A golfer’s handicap is a number that determines his skill level. The handicap is the number of strokes to be deducted from the golfer’s score to find the overall score. As a rule, it is the number of strokes over par during an average round of 18 holes. The lower the handicap, the better the player. A golfer with a handicap of 15 is less skilled than a golfer with a handicap of 10. Golfers with 15 and 10 handicaps can shoot 15 over par and 10 over par respectively during their average rounds. In other words, the latter will be 5 strokes better than the former player over an 18-hole game course. A scratch golfer has a handicap of 0.

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There are always a number of new products which hit the market. Here is a new product that has been recently reviewed in one of the geek forums in which I participate. This unique approach allows players to make multiple adjustments to the many variables that are encountered by clubmakers while fitting clubs for our clients.

Source: pxg-parsons-golf-2015


Are you the best golfer you can be?

In the recent days since this blog has opened I have continued to search for good commentary from any authority. In a recent edition of GOLF Magazine I found an interesting article by Peter Kostis. I like the intent of Peter’s article because he gives the you, the student, reason to question what the intent of a potential instructor wishes to teach. With all the golf teachers and methods out there, you must be comfortable with your instructor intent. Regardless of the method, you the student must buy into where things are going.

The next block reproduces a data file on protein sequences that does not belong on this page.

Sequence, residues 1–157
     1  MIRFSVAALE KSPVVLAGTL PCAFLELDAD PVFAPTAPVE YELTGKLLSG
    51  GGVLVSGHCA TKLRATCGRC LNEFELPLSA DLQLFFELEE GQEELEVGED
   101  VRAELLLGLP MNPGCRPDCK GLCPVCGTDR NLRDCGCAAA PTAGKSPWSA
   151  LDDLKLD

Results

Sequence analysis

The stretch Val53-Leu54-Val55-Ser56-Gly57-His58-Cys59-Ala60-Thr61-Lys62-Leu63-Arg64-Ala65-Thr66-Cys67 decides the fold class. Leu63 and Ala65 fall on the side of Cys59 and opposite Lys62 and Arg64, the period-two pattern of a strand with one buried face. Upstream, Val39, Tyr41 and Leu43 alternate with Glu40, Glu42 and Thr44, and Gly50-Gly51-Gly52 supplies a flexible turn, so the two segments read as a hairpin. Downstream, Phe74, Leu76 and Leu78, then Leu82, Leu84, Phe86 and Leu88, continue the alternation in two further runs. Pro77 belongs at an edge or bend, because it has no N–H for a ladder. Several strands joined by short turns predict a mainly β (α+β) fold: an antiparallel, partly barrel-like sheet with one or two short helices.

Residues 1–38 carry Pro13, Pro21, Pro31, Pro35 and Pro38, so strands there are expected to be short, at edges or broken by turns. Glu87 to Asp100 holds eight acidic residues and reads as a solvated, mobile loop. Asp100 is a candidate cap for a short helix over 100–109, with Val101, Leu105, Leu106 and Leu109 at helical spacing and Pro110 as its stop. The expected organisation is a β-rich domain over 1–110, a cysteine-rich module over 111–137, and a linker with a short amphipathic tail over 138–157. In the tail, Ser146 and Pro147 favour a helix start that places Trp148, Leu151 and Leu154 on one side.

Click on the link below to get the original article.

For those of use who teach, the article points out that we must convey to the student not only those points which best benefit our students but also assure that the student can accomplish what it is we are offering. Understanding what points of the principles of the game relative to the swing is just as important as how to play, etiquette, the rules and the equipment.

Supporting the Greatest Game Ever..

One Voice: Hicks Law©

We as player are always asking questions about the best method to use while learning difficult tasks like the golf swing. There are so many sources that it is not unusual for someone to get lost. However, in a recent review of a blog by one Dr. T.J. Tomasi, my favorite teacher, I found a response to an email he had received which I thought would be good basic theory for any student of golf. I think the principle he mentions is a very good principle for players who are still searching for their individual swing. To assure that you get the best information I extracted the following entry from TJ’s website.

Source: Blog –

One Voice: Hicks Law©
TJ Tomasi
Q: My friends know more about the swing than I do and they’re always giving me advice but sometimes they say different things and I get confused. How can I tell them to be quiet in a nice way?
Robert T from email

A: Tell them about the book “On Combat” by Lt. Col. Dave Grossman, the story of what make combat warriors tick – it’s a great book and make sure to tell them about Hicks Law which is the reason they should button up when it comes to advice: the rule is “one voice” meaning that when learning skills and ingraining them as muscle memory or autopilot responses, it is important that only one way be taught. Read more »

Important facts to note on Golf Clubs

A good arrangement of your golf clubs is the weapon of decision for the advanced golfer. A complete arrangement of clubs comprises of no less than one driver, fairway woods, irons and a putter. A few clubs lately have been supplanted with cross breed golf clubs to supplant longer irons and fairway metal woods.

The driver is the club that is most golfer’s most loved golf club, despite the fact that it is normally not utilized on every opening. The driver golf club is the longest golf club with the greatest head toward the end of the pole. This permits the golfer to hit the golf ball with the best separation, however not always the most precision. Tenets control the measure of the club head. The golf club driver will be the most expensive single golf club in the golfer’s sack.

The fairway woods have club heads that are somewhat more lobbed than the driver, and are utilized for long shots when the ball is lying on the ground. The club heads used to be made of wood, however now are basically metal.